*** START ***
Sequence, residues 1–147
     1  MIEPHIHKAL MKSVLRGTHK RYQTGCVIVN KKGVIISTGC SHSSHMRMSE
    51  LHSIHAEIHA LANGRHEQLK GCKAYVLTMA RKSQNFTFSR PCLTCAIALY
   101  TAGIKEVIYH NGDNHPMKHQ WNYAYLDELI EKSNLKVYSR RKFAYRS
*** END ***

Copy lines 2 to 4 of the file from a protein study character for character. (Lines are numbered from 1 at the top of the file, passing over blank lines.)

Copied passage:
     1  MIEPHIHKAL MKSVLRGTHK RYQTGCVIVN KKGVIISTGC SHSSHMRMSE
    51  LHSIHAEIHA LANGRHEQLK GCKAYVLTMA RKSQNFTFSR PCLTCAIALY
   101  TAGIKEVIYH NGDNHPMKHQ WNYAYLDELI EKSNLKVYSR RKFAYRS